Histoire de ma Vie
The World of Casanova
Last updated 3 years ago
Dux Castle, Bohemia (the present day Czech Republic) where Casanova spent the final years of his life. Effectively in exile from Venice for a second time, aging, homeless, unemployed, not in the best of health and resentful at the failure of the literary world to take this overreaching son of an actress seriously, Casanova was offered the position of librarian by Count Joseph Charles de Waldstein.
The year after the fall of his beloved Venice to Napoleon, Casanova died 4th June, 1798 at the castle of Dux, his autobiography beside him. Carlo Angiolini, Casanova’s nephew-in-law, organised his burial and it was he who now inherited the many volumes of loose manuscript that comprised 'Histoire de ma vie'.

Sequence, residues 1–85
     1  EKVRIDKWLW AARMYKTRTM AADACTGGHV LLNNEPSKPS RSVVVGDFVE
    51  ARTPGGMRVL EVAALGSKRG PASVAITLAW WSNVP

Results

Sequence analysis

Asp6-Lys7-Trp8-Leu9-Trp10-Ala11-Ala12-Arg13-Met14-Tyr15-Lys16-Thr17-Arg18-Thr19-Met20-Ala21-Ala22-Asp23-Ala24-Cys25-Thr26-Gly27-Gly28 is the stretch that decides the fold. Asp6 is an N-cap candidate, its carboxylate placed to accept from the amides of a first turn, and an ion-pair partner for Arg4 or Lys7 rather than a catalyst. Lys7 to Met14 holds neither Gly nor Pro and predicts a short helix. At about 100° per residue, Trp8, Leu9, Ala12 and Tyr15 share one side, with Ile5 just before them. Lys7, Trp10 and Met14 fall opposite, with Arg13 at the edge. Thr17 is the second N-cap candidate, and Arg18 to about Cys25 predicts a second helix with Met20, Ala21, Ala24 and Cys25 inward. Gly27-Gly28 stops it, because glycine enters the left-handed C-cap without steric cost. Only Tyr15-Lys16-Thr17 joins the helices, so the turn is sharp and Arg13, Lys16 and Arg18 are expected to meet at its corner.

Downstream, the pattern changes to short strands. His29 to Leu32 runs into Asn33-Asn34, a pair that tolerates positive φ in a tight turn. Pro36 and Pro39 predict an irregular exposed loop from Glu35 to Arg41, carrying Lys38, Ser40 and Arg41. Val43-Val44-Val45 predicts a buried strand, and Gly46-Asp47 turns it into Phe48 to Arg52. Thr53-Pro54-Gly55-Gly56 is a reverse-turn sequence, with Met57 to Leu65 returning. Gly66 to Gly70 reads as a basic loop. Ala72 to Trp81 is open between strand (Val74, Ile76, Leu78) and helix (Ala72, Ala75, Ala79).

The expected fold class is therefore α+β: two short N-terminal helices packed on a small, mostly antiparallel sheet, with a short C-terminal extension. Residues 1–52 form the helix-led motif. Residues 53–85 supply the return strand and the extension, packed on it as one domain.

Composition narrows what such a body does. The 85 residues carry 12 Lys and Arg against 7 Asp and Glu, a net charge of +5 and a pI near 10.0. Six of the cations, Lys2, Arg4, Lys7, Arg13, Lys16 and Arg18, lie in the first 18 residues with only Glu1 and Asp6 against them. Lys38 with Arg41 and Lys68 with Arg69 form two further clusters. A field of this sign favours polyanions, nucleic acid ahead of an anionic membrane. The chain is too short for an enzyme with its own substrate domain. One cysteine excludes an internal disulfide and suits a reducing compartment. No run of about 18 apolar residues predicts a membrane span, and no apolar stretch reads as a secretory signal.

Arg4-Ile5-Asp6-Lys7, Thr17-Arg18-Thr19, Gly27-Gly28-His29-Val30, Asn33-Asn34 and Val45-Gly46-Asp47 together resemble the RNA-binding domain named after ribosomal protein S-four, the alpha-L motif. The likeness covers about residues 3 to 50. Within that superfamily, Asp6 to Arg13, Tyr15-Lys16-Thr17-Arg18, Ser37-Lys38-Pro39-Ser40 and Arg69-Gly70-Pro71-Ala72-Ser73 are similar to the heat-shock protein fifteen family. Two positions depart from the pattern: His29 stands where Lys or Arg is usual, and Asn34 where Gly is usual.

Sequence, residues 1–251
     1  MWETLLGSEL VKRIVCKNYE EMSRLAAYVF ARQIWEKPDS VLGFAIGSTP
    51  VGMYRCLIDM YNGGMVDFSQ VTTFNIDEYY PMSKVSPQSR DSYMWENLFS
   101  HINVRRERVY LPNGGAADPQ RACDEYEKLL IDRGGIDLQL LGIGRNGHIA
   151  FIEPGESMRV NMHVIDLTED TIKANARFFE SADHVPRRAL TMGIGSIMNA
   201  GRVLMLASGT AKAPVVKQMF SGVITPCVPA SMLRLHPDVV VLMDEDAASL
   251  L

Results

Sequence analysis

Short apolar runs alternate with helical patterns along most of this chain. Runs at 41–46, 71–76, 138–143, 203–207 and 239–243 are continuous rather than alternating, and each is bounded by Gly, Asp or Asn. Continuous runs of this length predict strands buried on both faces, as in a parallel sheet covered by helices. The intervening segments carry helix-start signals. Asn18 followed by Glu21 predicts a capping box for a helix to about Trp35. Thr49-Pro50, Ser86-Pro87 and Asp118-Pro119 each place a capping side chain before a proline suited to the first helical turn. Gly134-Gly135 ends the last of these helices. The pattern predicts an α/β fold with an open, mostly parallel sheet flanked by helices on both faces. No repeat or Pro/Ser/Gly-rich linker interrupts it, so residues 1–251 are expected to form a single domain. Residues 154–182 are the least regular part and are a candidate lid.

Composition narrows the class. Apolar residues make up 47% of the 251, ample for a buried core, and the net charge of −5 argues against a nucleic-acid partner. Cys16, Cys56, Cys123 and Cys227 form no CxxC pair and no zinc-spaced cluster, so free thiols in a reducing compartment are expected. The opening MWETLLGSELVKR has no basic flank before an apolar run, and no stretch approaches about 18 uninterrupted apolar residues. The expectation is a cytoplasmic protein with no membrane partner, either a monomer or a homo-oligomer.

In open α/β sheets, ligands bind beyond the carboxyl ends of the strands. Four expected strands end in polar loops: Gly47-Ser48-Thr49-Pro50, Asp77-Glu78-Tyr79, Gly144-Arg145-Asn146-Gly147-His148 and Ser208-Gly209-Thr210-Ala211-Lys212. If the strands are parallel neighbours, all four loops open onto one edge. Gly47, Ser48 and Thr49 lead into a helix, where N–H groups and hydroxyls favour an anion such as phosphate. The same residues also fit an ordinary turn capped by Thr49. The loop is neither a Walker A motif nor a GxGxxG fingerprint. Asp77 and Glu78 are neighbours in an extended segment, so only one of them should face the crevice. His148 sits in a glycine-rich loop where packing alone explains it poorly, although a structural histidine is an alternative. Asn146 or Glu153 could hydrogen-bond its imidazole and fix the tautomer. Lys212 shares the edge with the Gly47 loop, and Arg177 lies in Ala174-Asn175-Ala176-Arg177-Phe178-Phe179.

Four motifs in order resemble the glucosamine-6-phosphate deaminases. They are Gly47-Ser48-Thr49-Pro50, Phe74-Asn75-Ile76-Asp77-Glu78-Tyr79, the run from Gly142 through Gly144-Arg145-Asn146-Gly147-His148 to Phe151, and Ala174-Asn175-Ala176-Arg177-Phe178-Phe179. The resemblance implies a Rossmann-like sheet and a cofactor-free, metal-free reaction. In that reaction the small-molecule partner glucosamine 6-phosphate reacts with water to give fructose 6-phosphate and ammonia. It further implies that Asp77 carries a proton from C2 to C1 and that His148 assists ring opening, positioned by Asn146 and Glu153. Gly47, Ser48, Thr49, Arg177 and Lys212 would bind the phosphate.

Over the next several generations following the 1821 purchase numerous abridged, censored, ‘improved’, pirated, and poorly translated versions came on to the market. Some were little more than approximations of the original. The successful Laforgue version (1826-1838), based upon the original manuscript, was heavily censored and rewritten by Jean Laforgue, a French teacher employed by Brockhaus to edit the text prior to publishing.
The boundaries between fact and fiction in the public arena can become notoriously ill-defined. Take the example of Sherlock Holmes. A 2011 poll with a sample size of 1,000 uncovered that 21% of people believed he was a real, historical figure. By a similar process but in reverse Casanova has become fictionalised.
'Orlando furioso' - canto34. 'Histoire de ma vie' was as much shaped by Casanova's literary and philosophical interests as it was an attempt to provide an historically accurate account of his life. French literary historian Marie-Francoise Luna has demonstrated that he modelled his autobiography on a sixteenth-century epic poem by the Italian poet Ludovico Ariosto called ‘The Frenzy of Orlando’.